The Uniformed Services University of the Health Sciences in Maryland is using a virtual reality and simulation center to help prepare physicians, nurses and public health professionals for natural disasters, infectious disease outbreaks and other high-stress events, the Washington Post reports. Operated by the U.S. Department of Defense, the Uniformed Services University of the Health Sciences serves as the country’s only military medical school, but also trains civilian physicians in public health. The university’s National Capital Area Medical Simulation Center, meanwhile, opened in 2000 and conducts roughly 8,000 virtual operations each academic year. According to the acting dean and associate professor of the Graduate School of Nursing, the simulation center enables students to experience “advanced situations which may be dangerous for the first time." He adds that the technology “allows for hands-on training in a high-fidelity environment for crisis management as well as repetitive experience for advanced procedures" (Spinner, Washington Post, 3/10/08 [registration required]). 

Google acquires DoubleClick

Google Inc. on Tuesday purchased online ad tracker DoubleClick Inc. after European Union (EU) regulators cleared its $3.1 billion bid for the company, the Associated Press reports. According to Google’s CEO, merging with DoubleClick will enable Google to more quickly develop and release advances in technology and infrastructure that would ultimately improve digital media and target advertising. According to the EU's antitrust authority said its decision was based exclusively on the economic issues and did not address the companies' obligations under EU rules for privacy and personal data processing. EU data privacy regulators, however, expect to complete a separate probe into search engines' privacy policies by April, according to the AP. Meanwhile, privacy advocates at the Washington, D.C.-based Center for Digital Democracy suggest that the EU regulators' failure to impose safeguards has "helped strengthen a growing digital colossus that will now be in a dominant position to shape much of the global future of the Internet." Yet, the EU said it found no proof that Google and DoubleClick would be able to marginalize competitors, noting that Microsoft, Yahoo and AOL are "credible" alternatives for Web site ad placement. In addition, the AP reports that Google and DoubleClick are not currently rivals, and Google's purchase of even a potential competitor would not have an adverse impact on competition in the online ad market (White and Liedtke, AP/Yahoo! News, 3/11/08).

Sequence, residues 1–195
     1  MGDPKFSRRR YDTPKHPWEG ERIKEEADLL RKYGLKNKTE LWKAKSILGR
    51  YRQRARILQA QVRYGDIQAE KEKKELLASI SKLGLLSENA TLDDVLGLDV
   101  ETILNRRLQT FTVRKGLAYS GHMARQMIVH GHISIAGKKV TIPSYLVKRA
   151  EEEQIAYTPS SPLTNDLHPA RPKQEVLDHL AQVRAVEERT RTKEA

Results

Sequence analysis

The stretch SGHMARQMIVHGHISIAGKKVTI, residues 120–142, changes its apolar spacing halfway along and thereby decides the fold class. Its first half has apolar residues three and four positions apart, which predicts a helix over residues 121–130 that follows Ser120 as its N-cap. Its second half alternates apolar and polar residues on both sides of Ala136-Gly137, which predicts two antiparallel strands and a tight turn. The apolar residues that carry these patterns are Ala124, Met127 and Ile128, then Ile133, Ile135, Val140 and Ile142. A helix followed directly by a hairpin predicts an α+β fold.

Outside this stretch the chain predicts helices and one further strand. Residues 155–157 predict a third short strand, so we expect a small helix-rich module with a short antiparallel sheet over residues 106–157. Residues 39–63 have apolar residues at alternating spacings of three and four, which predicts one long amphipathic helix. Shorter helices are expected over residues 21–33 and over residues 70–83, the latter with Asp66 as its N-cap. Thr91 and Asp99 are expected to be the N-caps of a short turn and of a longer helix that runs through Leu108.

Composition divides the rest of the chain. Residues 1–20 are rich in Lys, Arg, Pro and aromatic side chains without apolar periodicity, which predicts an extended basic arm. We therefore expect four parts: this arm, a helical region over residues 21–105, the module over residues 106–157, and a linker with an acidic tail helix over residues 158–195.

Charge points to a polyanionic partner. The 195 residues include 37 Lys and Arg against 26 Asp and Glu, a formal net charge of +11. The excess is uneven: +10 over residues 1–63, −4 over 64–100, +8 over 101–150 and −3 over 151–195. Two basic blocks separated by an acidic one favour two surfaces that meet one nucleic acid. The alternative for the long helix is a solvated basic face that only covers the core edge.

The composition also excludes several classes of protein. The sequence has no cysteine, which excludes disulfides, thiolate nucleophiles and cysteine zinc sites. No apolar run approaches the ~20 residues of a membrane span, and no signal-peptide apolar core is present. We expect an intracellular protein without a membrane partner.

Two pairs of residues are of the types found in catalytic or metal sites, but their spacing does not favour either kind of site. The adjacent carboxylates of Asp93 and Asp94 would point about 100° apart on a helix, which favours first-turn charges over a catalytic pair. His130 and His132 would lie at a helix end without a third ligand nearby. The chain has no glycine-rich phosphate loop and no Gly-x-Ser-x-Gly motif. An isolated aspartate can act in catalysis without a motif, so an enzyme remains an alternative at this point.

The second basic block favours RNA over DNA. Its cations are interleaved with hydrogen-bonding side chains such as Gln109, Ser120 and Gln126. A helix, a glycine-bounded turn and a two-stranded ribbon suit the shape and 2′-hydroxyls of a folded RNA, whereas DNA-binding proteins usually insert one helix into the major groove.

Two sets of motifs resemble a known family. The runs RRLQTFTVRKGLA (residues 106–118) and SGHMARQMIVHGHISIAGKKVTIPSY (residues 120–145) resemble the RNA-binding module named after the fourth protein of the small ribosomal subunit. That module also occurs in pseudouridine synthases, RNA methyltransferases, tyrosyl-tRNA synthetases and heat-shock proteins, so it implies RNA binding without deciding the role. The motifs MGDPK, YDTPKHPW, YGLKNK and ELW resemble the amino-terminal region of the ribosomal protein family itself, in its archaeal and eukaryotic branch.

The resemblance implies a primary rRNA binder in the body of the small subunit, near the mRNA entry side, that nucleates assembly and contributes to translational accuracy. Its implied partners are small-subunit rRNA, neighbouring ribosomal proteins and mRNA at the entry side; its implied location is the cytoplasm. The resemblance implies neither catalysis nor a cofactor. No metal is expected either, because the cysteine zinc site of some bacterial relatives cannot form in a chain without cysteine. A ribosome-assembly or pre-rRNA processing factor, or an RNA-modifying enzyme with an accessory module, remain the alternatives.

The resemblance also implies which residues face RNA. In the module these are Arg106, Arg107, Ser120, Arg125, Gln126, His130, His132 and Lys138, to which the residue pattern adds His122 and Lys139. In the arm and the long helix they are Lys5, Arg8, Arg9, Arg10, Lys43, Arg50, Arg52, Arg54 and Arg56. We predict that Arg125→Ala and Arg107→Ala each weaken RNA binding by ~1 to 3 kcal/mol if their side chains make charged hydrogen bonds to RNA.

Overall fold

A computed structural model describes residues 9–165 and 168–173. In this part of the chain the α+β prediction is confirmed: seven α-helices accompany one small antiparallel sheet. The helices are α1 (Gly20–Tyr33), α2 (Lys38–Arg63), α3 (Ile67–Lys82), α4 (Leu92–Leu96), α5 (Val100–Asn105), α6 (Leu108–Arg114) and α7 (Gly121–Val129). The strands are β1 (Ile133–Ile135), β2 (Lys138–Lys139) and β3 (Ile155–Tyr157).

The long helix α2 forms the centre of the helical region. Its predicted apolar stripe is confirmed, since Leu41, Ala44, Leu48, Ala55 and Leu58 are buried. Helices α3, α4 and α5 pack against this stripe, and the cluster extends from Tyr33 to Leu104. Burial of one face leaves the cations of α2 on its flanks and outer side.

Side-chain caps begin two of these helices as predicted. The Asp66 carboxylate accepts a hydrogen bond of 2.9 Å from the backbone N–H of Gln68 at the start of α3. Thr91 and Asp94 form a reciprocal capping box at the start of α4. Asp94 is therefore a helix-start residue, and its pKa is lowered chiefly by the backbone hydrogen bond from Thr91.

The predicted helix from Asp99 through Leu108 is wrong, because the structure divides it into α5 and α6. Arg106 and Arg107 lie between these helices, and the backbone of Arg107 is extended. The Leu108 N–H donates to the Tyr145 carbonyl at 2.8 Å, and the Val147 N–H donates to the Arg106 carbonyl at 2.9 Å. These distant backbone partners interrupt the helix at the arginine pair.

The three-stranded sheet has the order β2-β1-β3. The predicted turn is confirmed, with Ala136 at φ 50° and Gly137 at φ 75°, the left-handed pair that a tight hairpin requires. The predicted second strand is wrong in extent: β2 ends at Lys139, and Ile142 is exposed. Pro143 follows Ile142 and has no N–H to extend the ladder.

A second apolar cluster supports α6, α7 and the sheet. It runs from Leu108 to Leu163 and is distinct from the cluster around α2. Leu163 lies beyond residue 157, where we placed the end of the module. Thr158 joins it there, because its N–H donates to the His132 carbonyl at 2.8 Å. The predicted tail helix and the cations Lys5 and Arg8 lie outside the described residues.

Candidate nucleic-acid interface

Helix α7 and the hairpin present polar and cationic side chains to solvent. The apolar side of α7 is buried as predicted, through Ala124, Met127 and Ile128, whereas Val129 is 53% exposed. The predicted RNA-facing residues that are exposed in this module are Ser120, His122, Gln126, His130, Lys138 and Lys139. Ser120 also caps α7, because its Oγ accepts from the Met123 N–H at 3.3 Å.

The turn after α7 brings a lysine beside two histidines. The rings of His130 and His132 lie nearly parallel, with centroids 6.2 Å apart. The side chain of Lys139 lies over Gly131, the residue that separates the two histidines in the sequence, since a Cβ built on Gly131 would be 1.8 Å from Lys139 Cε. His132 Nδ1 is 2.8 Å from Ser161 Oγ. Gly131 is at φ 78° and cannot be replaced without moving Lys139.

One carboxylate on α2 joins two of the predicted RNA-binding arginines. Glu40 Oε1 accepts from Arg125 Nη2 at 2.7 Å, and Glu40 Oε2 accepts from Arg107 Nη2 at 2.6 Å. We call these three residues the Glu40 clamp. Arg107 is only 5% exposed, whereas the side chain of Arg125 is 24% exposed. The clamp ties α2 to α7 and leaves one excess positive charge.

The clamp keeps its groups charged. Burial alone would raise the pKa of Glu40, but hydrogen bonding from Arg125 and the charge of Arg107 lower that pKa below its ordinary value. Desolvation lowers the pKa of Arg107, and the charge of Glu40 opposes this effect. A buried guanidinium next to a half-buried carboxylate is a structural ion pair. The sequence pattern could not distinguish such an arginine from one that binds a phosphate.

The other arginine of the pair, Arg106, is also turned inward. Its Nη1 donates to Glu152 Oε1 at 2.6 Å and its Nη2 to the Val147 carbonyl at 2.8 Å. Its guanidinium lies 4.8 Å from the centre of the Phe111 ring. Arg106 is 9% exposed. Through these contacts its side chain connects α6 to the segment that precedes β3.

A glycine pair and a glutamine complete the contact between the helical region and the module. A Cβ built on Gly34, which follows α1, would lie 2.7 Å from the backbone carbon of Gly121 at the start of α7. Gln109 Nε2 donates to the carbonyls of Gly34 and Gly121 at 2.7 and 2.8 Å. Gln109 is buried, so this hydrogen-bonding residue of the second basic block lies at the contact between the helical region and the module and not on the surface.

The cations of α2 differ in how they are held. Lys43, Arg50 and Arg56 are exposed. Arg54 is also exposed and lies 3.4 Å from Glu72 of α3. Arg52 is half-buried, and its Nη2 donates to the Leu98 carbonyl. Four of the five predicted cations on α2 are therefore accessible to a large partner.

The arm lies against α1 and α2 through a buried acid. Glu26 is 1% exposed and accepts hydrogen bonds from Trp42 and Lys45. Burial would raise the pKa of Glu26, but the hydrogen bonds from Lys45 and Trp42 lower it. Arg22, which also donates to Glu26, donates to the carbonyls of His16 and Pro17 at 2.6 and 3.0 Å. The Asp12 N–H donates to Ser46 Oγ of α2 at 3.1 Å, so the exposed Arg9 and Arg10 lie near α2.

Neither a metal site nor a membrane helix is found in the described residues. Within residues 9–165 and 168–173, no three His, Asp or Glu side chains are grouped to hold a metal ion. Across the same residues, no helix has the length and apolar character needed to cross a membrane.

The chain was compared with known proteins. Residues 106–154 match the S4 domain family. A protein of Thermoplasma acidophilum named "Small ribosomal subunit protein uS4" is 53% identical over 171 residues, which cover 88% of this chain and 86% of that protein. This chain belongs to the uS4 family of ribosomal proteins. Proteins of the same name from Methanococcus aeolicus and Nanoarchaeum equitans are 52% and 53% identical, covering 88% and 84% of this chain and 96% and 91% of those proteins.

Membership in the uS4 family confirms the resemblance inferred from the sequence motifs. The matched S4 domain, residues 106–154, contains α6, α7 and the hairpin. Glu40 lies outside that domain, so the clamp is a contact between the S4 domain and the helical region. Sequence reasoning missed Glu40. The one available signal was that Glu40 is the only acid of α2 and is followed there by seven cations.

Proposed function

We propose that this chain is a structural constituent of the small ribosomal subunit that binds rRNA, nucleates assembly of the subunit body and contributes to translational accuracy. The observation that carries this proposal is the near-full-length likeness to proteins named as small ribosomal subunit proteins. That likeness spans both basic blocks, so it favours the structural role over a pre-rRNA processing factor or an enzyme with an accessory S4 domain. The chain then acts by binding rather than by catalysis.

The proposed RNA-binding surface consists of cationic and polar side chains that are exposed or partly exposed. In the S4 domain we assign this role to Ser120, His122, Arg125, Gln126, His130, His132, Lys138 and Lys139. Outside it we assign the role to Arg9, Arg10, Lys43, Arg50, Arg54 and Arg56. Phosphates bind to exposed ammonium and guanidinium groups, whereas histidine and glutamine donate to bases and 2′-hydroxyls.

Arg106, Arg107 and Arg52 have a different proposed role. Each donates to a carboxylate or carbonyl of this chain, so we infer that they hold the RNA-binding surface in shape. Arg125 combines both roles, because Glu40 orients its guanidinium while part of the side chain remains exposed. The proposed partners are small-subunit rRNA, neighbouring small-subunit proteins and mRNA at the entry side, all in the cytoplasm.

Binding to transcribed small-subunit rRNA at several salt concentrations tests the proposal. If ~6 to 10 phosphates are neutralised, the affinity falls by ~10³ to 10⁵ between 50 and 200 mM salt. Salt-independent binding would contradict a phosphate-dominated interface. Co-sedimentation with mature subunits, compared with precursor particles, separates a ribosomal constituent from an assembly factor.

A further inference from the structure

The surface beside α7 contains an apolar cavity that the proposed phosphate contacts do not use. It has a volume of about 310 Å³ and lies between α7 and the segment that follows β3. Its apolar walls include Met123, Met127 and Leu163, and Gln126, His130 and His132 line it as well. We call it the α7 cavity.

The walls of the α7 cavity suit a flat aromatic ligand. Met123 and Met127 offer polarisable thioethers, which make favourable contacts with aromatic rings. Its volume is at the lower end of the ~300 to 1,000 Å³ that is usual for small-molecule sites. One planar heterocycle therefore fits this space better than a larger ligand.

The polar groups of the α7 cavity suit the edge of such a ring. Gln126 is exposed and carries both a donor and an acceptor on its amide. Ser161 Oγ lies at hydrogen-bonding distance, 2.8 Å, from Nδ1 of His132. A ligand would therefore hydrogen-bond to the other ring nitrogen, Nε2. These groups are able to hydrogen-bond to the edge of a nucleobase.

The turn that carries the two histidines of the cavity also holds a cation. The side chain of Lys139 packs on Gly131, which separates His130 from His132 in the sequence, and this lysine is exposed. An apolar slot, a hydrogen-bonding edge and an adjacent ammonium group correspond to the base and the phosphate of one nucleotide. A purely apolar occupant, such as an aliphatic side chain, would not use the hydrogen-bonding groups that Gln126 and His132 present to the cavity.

Massachusetts requires hospitals to report nosocomial infections

The Massachusetts Public Health Council will soon require hospitals within the state to report hospital-acquired infection (HAI) rates, an effort that officials expect to improve hospital transparency and accountability, Government Health IT reports. Hospitals starting July 1 will have to report HAI rates to the federal Centers for Disease Control and Prevention’s National Healthcare Safety Network. Under the state plan, hospitals also must allow the state to access the data. After a designated state center evaluates the data to ensure its reliability, the state Department of Public Health will post the information publicly on a state Web site and use it to create online report cards and other materials to communicate with the public. In addition, state inspectors will visit hospitals to ensure they are complying with mandated infection-prevention procedures. If hospitals do not comply with the reporting rule, or if they continue to have high HAI rates, they could potentially lose their state license. State public health officials note the plan will enable consumers to make more informed health care decisions and expect the increased transparency and accountability to lead to a decline in HAI rates. Meanwhile, Government Health IT reports that the move makes Massachusetts the 14th state to enact such a mandate, though 16 other states are reviewing similar legislation (Hayes, Government Health IT, 3/10/08).